Ahhh! Redneck Dressage has become my new passion. A creative outlet if you will. I hope you're enjoying them as much as I enjoy writing them!

Redneck Dressage - Open

Redneck Dressage - Part Deux

Redneck Dressage - Part Trois - Trail Riding

Redneck Dressage - Part Quatre - 50 Shades

Redneck Dressage Part CINQ - WORK

Who ever thought having horses was idyllic was totally misinformed. While there are plenty of cute babies and fat ponies, it’s nothing like you see pictured in calendars. They’re a lot of work… No matter where you live. Being an Air Force brat, I’m intimately acquainted. It doesn’t matter if you board or do self care. Listen to me… It’s a TON of work.

In Louisiana, you sweat through your helmet and half chaps in a matter of minutes. Generally, you’re drenched before you ever get on. Five minutes into a ride, I’m already mopping the sweat off my face with whatever t-shirt was unfortunate enough to be on the top of the stack. But don’t worry, it alone won’t be fouled, as any rider in the South knows, you bring 1-2 extras every time you head to the barn. Horses AREN’T glamorous. Remember, the horse ALWAYS comes first, so you tend to their needs before your own. That includes feeding, mucking, watering, doctoring, etc… Between dust, hay, slobber and rinsing/cooling your horse after your ride, you leave the barn a mess. This includes sand boogers and contact lenses dried to your eye balls. Without fail, that’s when your cell rings and your husband says you can’t possibly come home without running by the store first.

Going to the store in riding clothes is a dicey affair. We live near a racetrack, so people aren’t totally without knowledge of boots and breeches, but when they see me, they do a double take. I’m clearly way too big to be a jockey or even exercise race horses. There’s just something creepy about people starring at you in what amounts to full length, skin tight bike shorts with a patch of leather on your butt. It’s like a visual bull’s eye. Every bulge and ripple is on display. You’d think manufacturers would have come up with better fabric blends by now, but even if they had, I can guarantee they’d be too hot to wear in the South during the heat of Summer.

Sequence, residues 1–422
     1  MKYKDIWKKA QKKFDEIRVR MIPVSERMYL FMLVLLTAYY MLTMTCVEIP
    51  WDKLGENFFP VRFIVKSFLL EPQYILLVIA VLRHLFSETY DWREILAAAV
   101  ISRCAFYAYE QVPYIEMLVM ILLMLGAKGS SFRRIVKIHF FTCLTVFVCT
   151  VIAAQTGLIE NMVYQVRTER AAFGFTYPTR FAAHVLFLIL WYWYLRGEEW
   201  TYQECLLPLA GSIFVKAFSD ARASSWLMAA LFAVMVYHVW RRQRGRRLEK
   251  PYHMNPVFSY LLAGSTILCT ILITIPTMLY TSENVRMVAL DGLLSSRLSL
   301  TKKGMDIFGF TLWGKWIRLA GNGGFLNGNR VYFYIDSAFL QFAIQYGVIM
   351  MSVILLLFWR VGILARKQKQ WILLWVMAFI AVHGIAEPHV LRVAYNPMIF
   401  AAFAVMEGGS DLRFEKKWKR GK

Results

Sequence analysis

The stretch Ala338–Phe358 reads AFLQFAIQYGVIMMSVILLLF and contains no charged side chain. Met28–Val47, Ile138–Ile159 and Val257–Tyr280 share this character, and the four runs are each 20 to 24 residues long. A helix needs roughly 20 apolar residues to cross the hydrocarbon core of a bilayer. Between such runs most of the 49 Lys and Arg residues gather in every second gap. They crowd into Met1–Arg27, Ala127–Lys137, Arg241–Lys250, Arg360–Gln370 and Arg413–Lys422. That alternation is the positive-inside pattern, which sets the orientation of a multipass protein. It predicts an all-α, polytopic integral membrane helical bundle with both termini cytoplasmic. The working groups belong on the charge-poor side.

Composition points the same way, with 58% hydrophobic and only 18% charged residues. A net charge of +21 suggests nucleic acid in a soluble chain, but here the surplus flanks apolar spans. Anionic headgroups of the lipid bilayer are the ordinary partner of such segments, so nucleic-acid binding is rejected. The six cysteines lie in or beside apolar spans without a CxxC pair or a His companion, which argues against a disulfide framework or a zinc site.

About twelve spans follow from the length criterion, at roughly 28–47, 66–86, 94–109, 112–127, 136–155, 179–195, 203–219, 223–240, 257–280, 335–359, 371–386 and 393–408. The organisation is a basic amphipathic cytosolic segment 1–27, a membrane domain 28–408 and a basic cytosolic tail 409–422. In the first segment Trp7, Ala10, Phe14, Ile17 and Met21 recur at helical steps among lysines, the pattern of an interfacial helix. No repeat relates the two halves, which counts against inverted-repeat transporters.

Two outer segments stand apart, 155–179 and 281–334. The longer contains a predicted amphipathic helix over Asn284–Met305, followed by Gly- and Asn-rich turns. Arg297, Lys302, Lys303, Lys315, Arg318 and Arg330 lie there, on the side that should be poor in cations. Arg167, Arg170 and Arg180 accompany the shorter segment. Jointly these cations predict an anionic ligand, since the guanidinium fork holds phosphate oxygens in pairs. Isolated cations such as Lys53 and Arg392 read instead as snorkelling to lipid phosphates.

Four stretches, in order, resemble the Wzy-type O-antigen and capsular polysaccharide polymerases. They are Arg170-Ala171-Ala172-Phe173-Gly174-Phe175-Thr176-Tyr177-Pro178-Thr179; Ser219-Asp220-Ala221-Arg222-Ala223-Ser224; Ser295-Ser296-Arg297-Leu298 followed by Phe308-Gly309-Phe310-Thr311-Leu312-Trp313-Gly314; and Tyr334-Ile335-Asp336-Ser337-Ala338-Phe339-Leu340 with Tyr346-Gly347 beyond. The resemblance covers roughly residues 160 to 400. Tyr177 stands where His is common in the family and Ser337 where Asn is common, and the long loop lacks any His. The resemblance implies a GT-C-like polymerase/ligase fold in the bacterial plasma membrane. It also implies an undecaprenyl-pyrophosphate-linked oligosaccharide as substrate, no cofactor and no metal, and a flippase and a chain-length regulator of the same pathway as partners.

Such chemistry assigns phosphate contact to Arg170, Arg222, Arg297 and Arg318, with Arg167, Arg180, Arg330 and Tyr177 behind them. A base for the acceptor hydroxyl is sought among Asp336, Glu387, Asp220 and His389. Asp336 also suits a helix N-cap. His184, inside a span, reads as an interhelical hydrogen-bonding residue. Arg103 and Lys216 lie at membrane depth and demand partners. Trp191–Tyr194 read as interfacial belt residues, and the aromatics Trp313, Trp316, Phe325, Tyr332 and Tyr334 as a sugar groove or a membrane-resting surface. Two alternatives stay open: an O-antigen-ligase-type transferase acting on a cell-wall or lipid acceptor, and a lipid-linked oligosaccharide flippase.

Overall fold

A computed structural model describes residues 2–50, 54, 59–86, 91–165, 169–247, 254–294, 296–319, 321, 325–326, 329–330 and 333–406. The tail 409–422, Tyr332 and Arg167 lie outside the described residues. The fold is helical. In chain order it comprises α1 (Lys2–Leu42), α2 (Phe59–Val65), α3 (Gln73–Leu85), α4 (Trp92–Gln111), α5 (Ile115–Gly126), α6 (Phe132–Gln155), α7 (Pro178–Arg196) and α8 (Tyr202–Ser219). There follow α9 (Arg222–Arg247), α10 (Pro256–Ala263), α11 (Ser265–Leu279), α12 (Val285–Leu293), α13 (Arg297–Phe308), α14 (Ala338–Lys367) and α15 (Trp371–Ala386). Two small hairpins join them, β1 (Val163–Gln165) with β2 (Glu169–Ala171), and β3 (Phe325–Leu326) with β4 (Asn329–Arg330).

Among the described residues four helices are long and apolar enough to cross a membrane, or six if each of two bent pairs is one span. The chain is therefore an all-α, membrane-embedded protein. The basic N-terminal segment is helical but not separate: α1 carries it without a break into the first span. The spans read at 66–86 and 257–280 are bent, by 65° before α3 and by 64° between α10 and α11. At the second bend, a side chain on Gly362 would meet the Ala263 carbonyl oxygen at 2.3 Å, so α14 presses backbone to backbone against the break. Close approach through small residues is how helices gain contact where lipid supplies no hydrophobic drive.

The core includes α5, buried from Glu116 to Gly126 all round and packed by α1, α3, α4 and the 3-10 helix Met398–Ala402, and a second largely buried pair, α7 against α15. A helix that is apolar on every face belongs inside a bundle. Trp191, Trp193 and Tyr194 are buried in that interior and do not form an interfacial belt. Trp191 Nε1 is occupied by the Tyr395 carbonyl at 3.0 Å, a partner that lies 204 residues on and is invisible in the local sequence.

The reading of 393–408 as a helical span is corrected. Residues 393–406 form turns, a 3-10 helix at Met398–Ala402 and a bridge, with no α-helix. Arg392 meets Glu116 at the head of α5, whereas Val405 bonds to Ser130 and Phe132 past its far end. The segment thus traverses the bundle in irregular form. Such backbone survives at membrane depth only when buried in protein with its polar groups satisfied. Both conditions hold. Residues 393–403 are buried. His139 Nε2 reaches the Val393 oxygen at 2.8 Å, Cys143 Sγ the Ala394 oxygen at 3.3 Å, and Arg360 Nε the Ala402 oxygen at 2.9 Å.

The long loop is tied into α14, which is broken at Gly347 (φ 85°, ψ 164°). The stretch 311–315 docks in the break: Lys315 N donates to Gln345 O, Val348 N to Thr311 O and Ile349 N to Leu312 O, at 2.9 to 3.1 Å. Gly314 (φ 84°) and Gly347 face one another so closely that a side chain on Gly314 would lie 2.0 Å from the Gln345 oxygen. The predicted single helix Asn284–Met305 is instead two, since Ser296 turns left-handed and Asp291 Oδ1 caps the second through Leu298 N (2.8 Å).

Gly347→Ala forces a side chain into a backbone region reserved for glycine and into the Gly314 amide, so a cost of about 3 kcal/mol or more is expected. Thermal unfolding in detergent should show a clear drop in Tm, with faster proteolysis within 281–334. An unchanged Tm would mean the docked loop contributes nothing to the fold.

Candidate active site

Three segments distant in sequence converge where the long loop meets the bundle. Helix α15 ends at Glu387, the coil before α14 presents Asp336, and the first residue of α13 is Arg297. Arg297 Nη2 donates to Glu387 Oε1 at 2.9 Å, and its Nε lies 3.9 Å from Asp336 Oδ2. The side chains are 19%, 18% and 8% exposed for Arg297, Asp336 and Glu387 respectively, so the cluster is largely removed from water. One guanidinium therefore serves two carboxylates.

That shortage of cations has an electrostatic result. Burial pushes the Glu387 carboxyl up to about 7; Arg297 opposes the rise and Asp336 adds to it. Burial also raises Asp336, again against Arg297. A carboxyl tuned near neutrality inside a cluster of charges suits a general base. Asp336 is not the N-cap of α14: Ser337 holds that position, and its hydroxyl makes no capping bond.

Riding up North has its issues, too. I remember stabling in Upper Michigan as a child. It was as close to perfect as it gets during the Summer months, but people forget to tell you that you have to pull shoes by late September. Anyone who has ever tried to get a packed ball of ice out of a horses hoof can testify to this. You think you’re in the lap of luxury with an indoor, heated ring until the snow and ice starts to slide off the roof and crash to the ground as it thaws during your ride. Hello rodeo! At least when you fall, you’ve got on layers for a bit of extra cushion.

Plus, vet bills and cleaning stalls are anything but idyllic. Here’s a pitchfork if you don’t believe me.